CS-220, Sec.90, Week 12-A
R. Eckert


Although the int 10h services can be used to access the video system, they
have the disadvantage of being very slow. If our application requires
optimum performance, as, for example, in doing animation, we need to be
able to access the video system directly.

On a PC, the video system is memory mapped. In text mode, the start
address of the video RAM is 0B8000h. Each pair of bytes controls what is
displayed in one character cell on the screen in row major fashion. In
other words, in an 80-column mode, the first row of character cells is
controlled by the bytes at offsets 0-159 in the video RAM. The second row
by the bytes at offsets 160-319, etc. For any given character cell the
first byte of the pair that controls the character cell should contain the
ASCII code of the character to be displayed and the second the display
attribute (which determines the foreground/background color of the
character--see previous notes).

In order to display a character with a given display attribute at a
specified position (row and column) on the screen, we need to determine
the offset into the video RAM of the two bytes that control that character
cell from the row and column, then write the ASCII code to the first byte
and the display attribute to the second byte. For the PC, row-0 and
column-0 are at the upper lefthand corner of the screen. In other words,
column numbers increase from left to right and row numbers from top to
bottom. In general, the offset of the pair of bytes controlling the
character cell at row y and column x is given by the following:

           offset = (80*y + x)*2

We now want to write some pseudo-code for a procedure that will output a
character to a specified row and column on the screen. Input parameters to
the procdure will be:

           BL = ASCII code of character to be displayed
           BH = display attribute
           DH = row number (0-24)
           DL = column number (0-79)

The pseudcode is:

     Save registers
     Set accumulator to 80
     Multiply by DH
     Add DL
     Multiply by 2 (shift)
     Store in an index register (e.g., SI)
     Set a segment register (e.g., ES) to point to Video Ram (0B800h)
     Load ES:[SI] with BX    ;This displays the character!
     Restore registers
     Return to calling procedure


Suppose we want to display a line composed of repetitions of some
character (e.g., asterisks) on the screen. We are given the column and row
of each of the line's endpoints -- (x1,y1) and (x2,y2).

One way of representing a line is the "point-slope" method. This says that
the slope (delta_y/delta_x) of any part of the line has to be the same as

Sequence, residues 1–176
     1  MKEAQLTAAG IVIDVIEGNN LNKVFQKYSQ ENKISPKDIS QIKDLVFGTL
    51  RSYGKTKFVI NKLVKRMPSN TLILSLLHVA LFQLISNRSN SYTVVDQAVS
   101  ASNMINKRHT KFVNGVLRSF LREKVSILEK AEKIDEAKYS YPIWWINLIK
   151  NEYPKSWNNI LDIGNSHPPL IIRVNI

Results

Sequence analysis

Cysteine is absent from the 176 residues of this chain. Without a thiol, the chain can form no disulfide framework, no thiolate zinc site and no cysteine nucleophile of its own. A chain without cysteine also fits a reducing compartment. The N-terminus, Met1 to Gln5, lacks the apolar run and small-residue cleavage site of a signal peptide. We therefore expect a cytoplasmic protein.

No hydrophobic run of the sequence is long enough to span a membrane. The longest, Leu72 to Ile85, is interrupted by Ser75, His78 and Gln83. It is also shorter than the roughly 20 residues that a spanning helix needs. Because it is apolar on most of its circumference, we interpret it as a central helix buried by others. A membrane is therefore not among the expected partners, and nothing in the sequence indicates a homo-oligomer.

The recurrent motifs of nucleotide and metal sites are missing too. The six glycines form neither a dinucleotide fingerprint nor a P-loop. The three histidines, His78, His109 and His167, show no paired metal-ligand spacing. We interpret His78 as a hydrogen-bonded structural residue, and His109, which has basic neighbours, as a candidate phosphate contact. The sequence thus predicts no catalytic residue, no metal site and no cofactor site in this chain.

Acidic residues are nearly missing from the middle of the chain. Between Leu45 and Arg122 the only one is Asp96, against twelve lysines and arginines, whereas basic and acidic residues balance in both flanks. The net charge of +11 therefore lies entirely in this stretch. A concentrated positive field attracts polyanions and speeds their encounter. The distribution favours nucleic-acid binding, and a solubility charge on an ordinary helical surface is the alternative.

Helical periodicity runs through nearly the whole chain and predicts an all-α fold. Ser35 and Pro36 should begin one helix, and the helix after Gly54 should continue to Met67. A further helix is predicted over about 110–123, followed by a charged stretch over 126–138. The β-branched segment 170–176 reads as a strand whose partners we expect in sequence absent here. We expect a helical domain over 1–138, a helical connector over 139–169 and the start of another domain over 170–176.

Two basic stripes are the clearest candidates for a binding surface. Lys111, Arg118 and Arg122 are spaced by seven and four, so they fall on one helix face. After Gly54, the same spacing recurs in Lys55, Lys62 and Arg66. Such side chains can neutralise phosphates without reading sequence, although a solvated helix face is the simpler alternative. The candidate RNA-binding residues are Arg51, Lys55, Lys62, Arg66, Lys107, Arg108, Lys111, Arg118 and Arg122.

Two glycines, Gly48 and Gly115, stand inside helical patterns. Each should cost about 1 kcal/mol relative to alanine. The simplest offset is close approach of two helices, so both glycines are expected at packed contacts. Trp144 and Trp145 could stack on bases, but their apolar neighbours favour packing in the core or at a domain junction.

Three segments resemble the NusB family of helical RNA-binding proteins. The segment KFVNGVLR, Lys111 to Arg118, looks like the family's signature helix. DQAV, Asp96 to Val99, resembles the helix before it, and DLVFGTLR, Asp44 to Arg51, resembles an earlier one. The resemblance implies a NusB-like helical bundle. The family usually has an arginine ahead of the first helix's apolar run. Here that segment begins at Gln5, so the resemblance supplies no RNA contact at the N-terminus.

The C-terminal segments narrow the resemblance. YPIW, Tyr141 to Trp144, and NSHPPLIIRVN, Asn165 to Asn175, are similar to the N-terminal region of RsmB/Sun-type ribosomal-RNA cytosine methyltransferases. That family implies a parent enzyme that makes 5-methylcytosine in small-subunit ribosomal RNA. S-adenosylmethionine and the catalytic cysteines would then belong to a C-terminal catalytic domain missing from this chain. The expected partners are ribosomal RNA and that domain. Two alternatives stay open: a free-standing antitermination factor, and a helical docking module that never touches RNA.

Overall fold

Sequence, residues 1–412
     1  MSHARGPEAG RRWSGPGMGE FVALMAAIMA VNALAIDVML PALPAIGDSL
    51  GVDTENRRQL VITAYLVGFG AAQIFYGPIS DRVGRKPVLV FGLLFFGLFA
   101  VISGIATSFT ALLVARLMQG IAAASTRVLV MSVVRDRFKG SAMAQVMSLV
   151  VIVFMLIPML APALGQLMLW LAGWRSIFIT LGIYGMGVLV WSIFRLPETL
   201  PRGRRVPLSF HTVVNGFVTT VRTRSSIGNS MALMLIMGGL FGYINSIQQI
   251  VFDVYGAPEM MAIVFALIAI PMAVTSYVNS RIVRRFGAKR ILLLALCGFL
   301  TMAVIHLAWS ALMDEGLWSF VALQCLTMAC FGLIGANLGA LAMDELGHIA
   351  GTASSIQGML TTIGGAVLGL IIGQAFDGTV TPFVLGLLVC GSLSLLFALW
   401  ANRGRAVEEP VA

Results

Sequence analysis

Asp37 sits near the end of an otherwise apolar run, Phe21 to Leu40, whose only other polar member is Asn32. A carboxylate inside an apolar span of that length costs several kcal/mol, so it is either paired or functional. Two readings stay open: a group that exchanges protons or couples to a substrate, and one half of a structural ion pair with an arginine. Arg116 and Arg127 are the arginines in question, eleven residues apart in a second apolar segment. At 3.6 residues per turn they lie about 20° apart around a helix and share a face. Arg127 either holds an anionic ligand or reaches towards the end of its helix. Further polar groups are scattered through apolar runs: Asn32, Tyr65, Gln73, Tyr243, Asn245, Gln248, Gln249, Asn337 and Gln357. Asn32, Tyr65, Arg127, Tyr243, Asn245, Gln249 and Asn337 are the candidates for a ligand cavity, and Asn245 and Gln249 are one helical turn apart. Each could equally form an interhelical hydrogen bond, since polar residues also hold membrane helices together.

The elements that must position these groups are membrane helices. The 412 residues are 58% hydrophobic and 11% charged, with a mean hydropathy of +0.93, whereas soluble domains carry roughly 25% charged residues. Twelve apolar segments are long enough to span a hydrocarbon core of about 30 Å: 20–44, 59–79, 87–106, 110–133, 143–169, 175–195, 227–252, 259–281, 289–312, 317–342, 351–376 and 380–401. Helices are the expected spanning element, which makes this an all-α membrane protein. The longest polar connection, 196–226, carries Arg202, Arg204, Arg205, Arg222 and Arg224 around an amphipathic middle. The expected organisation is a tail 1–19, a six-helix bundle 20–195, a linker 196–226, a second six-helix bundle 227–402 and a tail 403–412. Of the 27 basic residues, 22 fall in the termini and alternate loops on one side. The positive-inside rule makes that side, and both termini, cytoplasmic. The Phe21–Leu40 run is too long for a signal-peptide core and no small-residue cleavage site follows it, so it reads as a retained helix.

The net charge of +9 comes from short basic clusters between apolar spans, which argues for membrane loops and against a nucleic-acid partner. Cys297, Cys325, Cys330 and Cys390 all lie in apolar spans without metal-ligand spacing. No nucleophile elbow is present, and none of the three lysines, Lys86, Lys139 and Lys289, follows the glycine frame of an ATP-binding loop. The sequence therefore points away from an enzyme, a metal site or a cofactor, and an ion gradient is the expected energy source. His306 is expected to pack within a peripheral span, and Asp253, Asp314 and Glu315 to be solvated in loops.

the slope computed from the endpoints. In other words, any point (x,y)
will be on the line if:

           y - y1   y2-y1
           ------ = -----
           x - x1   x2-x1

If we solve this for y, we get:

           y = y1 + (x - x1)*(y2 - y1)/(x2 - x1)

Therefore we could begin at x = x1, take unit increments in x (step in x),
compute the corresponding value of y and plot the character at that point.
(The plotting of the character would be done by the routine whose pseudo-
code is given above.) This is the "brute force" method for plotting a line.
The number of points to plot is x2-x1+1. (Here we assume that x1<x2. If
that is not the case the endpoints can be swapped.) The "brute force"
algorithm to plot a line between (x1,y1) and (x2,y2) is thus:

           num_points = x2 - x1 + 1
           x <-- x1
           repeat num_points times
              y <-- y1 + (x-x1)*(y2-y1)/(x2-x1)
              call character-plotting procedure
              x <-- x + 1

There are two problems with this algorithm:

1. It "blows up" for vertical lines (x1=x2).

2. The line will have gaps if the absolute value of the slope is greater
than 1.

Both problems can be solved if we step in the x direction only if the
slope is less than 1; otherwise step in the y direction. For stepping in
the y direction, the "point-slope" equation given above would need to be
solved for x, and each time through the loop, y would be incremented by 1.
The number of iterations (num_points) would be y2-y1+1 (again assuming
that y2>y1).


In VGA Mode 13h, the PC's screen is divided into 320 columns and 200 rows 
of pixels (dots). Each pixel can be set to one of 256 colors chosen from 
2^18 possible colors (combinations of red, green, and blue). This video
mode works as follows:

   One byte of Mode 13h VRAM controls one pixel.
   Mode 13h VRAM begins at address 0A000:0000h (row major ordered).
   To set pixel at (x,y) to a given color:
      Set a segment register (e.g., ES) to start of video RAM, 0A000h
      Compute offset of the byte controlling the pixel (320 * y + x)
      Load offset into a pointer register (e.g., SI)
      Set the pixel by loading that location with a color (byte)--
         mov ES:[SI], color.

Mode 13h color control is indirect through a 256 X 18 Color Lookup Table.
The color written to the VRAM is a byte-size index into this table.
Entries in table: 6 bits for Red, 6 for Green, 6 for Blue.
To change an entry in the VGA CLUT, use the video interrupt (10h):
   AH = 10h, AL = 10H, BX = CLUT position to be changed (0-255)
   DH, CH, CL = {Red, Green, Blue intensity: 0-63 each}.

Some Default Color Lookup Table colors: 0 ==> black, 1 ==> dark blue,
2 ==> dark green, 3 ==> dark cyan, 4 ==> dark red, 5 ==> dark magenta, 
6 ==> brown, 7 ==> grey, etc. In other words, if you load any of these 
values into a byte of the VRAM, the pixel controlled by that location will 
change to the corresponing color.